We’re not quite sure what it is about McDonald’s, but rappers certainly seem to be lovin’ it. When the fast-food giant teamed up with Travis Scott to bring his favourite meal onto menus in September, fans went wild. Despite the fact that the $6 feast comprised of existing items; a Quarter Pounder with cheese and bacon, medium french fries, barbecue sauce, and a Sprite—so many people flocked to the fast-food chains that it caused a shortage of ingredients like beef and lettuce, and even Quarter Pounders in some branches. In extreme cases, some stole restaurants’ Travis Scott posters and sold them on eBay for hundreds of dollars.
Hours after the launch, Travis Scott released an extensive line of merch on his online shop. The collection includes fast-food themed graphic printed apparel, with notable pieces like the "Tell 'Em Jack Sent You' tee, a tie-dye "bootleg" shirt, an "I'm Lovin' It" pullover hoodie, a "Billions Served" work jacket, and a burger tie. Homeware goods like the Travis Scott McNugget pillow and Cactus Plant Flea Market “Burger Mouth” rug are currently reselling for up to $2,500 on sites like Grailed.
News of the collaboration birthed countless memes, with the root of many jokes revolving around the stereotype of customers, young males dressed in Supreme clothing. It was exactly this demographic of customers who participated in the viral TikTok trend, placing orders with phrases like "Cactus Jack Sent Me", “Let’s keep this short and sweet. I think you know why we’re here”, or simply by blasting “Sicko Mode” without uttering a single word. In turn, McDonald’s requested their employees to familiarize themselves with the unorthodox lingo. The memes fueled more buzz around the collaboration and increased the fast-food company’s brand engagement. On Instagram, McDonald’s’ posts about the Scott campaign earned as much as five times more engagement than its normal content.
Is there any surprise why McDonald’s sought to replicate their success with J Balvin? The following month, the fast-food chain collaborated with the Colombian “Prince of Reggaeton” to deliver another meal with an accompanying collaborative merch collection, and a give-away that is a little shinier than plastic toys. In partnership with shopping app NTWRK, the fast-food chain is giving three lucky customers a chance to win a 2.4 carats Big Mac chain, dotted with brown, white, champagne, and yellow diamonds, a World Famous Fries chain, made with 600 pavé rubies, one carat of yellow diamonds, and set in 14-karat yellow gold, and a McFlurry chain made up of 1,100 set stones of white, black, and blue diamonds, paired with mixed-tone natural blue vivid sapphires.
So we have an amalgamation of rappers, fashion, and luxury. By now, we’re familiar with unusual alliances and cross-industry partnerships. A collaborative culture is customary in the world we live in today. To compete in competitive markets, brands have increasingly searched for ways to stand out amongst the masses, and it’s a practice perhaps most prominent in the fashion industry. At first glance, it may seem unorthodox but fashion has binged on fast food many times before. Kith and Coca Cola’s collaboration in 2016 sold out so quickly that the two joined forces again for a summer capsule collection. The following year, Telfar Clemens collaborated with White Castle. Streetwear brand Anti-Social Social Club partnered with Panda Express. It may warrant a closer look, but the two industries share similarities, one being scarcity. Queues are a common sighting outside of places like Supreme on a Thursday, which is not unlike the 18-hour queue that took place following the opening of Jollibee in London, where some took to reselling the fast-food chain’s crispy fried chicken to hopeful customers in line.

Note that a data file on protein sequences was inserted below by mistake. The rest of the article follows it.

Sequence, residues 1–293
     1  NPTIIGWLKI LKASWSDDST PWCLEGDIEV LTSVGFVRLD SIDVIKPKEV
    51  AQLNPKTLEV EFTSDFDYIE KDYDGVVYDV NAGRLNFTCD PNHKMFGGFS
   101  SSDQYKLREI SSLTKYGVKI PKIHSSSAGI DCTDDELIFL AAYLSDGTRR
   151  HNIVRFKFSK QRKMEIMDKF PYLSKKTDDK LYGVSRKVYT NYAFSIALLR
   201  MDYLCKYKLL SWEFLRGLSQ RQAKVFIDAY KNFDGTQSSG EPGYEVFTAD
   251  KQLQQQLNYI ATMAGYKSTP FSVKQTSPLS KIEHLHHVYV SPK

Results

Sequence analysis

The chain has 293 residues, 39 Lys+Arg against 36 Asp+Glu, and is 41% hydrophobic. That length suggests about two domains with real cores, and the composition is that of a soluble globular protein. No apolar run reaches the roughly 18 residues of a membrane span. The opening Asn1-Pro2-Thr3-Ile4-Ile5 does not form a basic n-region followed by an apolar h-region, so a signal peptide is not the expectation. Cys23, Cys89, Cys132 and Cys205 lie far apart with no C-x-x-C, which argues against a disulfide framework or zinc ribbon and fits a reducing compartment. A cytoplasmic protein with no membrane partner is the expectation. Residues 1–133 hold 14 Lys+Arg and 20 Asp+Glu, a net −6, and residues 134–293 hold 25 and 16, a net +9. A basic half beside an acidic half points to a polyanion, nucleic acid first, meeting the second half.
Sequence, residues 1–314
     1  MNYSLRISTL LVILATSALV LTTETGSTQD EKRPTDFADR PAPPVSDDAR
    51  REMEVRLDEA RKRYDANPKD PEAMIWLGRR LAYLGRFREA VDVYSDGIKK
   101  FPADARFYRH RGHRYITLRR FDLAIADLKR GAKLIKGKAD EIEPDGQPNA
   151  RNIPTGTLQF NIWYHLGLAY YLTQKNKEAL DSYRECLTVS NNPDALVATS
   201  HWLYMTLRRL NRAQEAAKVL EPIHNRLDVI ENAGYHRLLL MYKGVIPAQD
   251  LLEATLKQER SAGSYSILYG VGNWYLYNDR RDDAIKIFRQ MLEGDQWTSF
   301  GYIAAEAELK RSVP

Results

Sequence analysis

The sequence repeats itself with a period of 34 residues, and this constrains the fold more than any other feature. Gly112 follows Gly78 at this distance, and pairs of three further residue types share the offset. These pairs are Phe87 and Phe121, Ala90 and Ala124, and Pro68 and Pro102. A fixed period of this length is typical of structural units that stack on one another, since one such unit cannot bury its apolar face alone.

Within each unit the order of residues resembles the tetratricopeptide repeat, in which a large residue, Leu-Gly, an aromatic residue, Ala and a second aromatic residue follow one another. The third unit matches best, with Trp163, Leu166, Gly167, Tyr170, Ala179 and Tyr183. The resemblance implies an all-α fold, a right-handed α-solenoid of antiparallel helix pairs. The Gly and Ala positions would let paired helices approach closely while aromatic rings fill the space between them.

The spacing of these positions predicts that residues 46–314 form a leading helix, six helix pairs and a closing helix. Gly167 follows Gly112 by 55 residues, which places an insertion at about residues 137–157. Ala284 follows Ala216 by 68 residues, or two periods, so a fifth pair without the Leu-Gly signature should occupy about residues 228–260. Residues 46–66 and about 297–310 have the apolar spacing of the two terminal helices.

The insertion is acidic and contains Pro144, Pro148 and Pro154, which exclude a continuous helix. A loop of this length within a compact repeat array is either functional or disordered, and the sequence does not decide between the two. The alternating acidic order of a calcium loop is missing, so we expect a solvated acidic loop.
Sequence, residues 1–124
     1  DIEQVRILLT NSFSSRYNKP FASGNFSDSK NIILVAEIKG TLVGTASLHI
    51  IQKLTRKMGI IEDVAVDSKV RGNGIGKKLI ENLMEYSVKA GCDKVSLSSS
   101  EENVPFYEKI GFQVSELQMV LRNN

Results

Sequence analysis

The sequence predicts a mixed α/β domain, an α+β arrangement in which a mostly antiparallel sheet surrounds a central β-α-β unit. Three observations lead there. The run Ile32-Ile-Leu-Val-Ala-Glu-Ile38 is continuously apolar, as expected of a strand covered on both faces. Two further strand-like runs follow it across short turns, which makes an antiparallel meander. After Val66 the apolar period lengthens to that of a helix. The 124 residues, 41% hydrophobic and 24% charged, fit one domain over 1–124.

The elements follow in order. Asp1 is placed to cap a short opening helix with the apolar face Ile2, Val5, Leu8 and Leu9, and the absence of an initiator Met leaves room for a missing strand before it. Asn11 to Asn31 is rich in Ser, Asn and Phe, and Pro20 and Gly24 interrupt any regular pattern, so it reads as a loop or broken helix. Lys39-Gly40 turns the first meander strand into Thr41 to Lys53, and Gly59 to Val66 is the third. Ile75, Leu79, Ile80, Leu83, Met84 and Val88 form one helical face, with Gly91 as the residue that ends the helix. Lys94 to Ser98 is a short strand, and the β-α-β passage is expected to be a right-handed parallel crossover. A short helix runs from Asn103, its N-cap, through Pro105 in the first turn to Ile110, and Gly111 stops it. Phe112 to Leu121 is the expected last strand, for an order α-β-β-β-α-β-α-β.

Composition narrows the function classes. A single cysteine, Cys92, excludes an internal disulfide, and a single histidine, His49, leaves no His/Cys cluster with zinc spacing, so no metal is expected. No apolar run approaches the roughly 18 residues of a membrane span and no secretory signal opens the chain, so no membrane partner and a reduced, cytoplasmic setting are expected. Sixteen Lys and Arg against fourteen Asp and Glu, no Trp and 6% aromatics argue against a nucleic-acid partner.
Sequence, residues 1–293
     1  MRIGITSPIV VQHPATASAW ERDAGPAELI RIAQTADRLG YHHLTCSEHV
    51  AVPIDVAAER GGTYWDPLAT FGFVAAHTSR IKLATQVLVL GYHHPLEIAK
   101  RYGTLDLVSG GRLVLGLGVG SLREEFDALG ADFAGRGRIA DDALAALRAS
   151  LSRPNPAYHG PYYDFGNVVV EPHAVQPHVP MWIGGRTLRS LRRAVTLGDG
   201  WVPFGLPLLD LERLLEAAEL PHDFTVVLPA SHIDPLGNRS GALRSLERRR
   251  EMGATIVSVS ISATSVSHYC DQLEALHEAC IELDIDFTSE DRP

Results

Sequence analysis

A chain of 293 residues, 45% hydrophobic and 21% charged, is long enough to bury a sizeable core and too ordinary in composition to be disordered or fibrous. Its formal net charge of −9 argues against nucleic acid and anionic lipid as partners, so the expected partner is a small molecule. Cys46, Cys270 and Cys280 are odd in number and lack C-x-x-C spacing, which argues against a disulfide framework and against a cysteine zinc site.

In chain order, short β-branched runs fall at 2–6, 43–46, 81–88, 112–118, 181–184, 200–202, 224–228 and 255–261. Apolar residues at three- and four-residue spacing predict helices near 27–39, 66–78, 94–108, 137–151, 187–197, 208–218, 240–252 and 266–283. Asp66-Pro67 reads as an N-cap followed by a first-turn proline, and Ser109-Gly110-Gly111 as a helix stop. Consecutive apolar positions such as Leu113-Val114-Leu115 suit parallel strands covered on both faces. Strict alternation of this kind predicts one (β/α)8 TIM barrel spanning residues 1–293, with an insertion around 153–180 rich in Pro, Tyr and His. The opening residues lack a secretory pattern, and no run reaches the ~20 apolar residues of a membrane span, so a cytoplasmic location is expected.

The luxury sector is no exception to collaborations either. What do luxury fashion and fast-food have in common? A penchant for logos, of course. Jeremy Scott stands out as a designer with an eye for mouthwatering meals, his ‘Eat The Rich’ collection in 2006 featured an eclectic mix of food-themed garments, with many pieces rendered in french-fry and burger prints. It’s a visual cue he visited once again during his tenure at Moschino in 2014. Scott’s debut collection introduced a new flavour to the fashion house, as he masterfully reappropriated McDonald's golden arches and signature tomato-red and mustard-yellow uniforms into catwalk-ready creations. The label's revenue rose by almost 7 per cent following the release of the capsule collection the morning after the catwalk show.
Earlier this year, Alexander Wang partnered with McDonald’s to release the exclusive ‘Black x Golden’ collection, which features two bags designed to carry your Happy Meal in the most lavish possible way. The first of the two is the ‘AW Golden Lunch Bag’, an elevated take on the brown paper lunch bag. Wang’s version is made out of the heavy-duty Tyvek® Paper and sports the classic Alexander Wang branding in white, in the middle of the bag. The second is the ‘AW Golden Picnic Basket’ a black hamper lined with sheepskin and Lugano leather, decorated with the classic Alexander Wang ‘A’ in silver and has a McDonald’s co-brand leather tag on the handle.
We don’t know about you, but we’ll be having a Big Mac tonight…